“I grew up in the ghetto. I did not have a positive opinion of police officers. Policemen were siccing police dogs and water hoses on people,” he says. “And I really had a hard time putting myself in that role. So I was not excited about being Officer Clemmons at all.”
But he agreed; and one show in particular stands out in his mind. It was 1969.
Rogers had been resting his feet in a plastic pool on a hot day.
“He invited me to come over and to rest my feet in the water with him,” Clemmons recalls. “The icon Fred Rogers not only was showing my brown skin in the tub with his white skin as two friends, but as I was getting out of that tub, he was helping me dry my feet.”
Something to think about during Lent, as Holy Thursday approaches.
Fred Rogers clearly saw his career as an opportunity to invite, to serve, and to model charity. When he dried Clemmons’ feet, he wasn’t only doing it for the cameras — although that in itself was a momentous statement in 1969. He wasn’t merely modelling charity; he was being charitable, personally, to the actual person beside him.
Rogers didn’t hide behind the TV screen and consider that he had discharged his duty by broadcasting his message to the millions of people who watched his show. Talking to a crowd was not a substitute for talking to the man in front of him. Writers and social media warriors, take heed: There is no substitute for the personal.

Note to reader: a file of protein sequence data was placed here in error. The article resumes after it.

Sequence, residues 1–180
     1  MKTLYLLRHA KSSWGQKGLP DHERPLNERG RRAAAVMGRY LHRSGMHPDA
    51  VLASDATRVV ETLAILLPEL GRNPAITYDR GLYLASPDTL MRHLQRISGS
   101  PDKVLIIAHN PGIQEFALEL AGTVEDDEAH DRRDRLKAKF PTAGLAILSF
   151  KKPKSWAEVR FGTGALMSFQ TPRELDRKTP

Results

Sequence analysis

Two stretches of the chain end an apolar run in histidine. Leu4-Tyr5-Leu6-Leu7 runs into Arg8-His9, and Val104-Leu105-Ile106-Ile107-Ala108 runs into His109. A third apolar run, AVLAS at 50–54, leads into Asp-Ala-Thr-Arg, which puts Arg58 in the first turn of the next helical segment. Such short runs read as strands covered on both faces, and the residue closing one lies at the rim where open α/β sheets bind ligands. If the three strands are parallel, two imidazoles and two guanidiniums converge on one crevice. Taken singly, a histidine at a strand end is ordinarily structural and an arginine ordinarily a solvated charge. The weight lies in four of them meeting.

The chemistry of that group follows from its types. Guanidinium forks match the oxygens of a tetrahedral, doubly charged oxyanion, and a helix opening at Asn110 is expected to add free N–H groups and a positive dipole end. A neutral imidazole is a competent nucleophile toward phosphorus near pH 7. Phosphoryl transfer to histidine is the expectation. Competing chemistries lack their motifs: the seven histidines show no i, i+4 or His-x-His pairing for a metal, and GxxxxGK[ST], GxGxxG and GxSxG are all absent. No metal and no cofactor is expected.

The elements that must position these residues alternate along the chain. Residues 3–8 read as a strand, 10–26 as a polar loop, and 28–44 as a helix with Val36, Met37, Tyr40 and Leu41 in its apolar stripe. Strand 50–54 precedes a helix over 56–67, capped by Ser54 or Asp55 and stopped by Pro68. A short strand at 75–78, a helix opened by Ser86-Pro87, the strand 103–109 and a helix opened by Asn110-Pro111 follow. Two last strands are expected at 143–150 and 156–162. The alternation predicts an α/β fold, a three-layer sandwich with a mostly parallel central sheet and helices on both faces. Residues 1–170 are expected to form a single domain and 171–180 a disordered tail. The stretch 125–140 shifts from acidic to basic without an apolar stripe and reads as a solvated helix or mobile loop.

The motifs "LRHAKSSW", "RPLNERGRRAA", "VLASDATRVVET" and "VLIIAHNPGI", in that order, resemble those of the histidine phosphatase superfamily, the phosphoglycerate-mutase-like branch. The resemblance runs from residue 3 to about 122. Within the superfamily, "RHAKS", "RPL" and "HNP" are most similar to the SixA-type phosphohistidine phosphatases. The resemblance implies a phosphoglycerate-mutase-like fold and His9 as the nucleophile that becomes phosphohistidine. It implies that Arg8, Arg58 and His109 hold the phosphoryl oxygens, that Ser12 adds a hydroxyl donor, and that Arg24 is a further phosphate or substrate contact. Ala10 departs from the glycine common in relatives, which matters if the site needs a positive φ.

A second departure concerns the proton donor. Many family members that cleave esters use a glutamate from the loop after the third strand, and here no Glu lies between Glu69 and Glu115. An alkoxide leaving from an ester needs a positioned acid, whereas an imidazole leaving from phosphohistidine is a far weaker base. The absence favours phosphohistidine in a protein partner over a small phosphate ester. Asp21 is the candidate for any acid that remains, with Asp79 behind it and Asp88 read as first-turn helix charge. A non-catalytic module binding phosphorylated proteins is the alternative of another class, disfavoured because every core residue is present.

[Clemmons] says he’ll never forget the day Rogers wrapped up the program, as he always did, by hanging up his sweater and saying, “You make every day a special day just by being you, and I like you just the way you are.” This time in particular, Rogers had been looking right at Clemmons, and after they wrapped, he walked over.
Clemmons asked him, “Fred, were you talking to me?”
“Yes, I have been talking to you for years,” Rogers said, as Clemmons recalls. “But you heard me today.”
Okay, so, that sounds familiar. Doesn’t it? Who talks that way? You know who. That’s why I still find it hard to look Fred Rogers in the face. He was a holy man.
Many years ago, despite hard work, thrift, and a small family, we were poor. As in no-heat-no-car-no-food poor. And so I started traveling to a church which hosted weekly grocery nights, when needy people could browse over tables of expired dry goods, wilted produce, and drippy ice cream at cut-rate prices. I remember the thrill of putting a true luxury, a box of crackers, into my bag, and feverishly calculating how many meals I could squeeze out of a single chicken breast.
That part of it was great. But the part I didn’t like was in the beginning: Before they opened the auditorium, they made us pray.
I hated that part.
Let me explain. I pray. I did pray at the time, I will always pray, and I will always be in favor of people praying, and in favor of encouraging other people to pray and to become closer to God.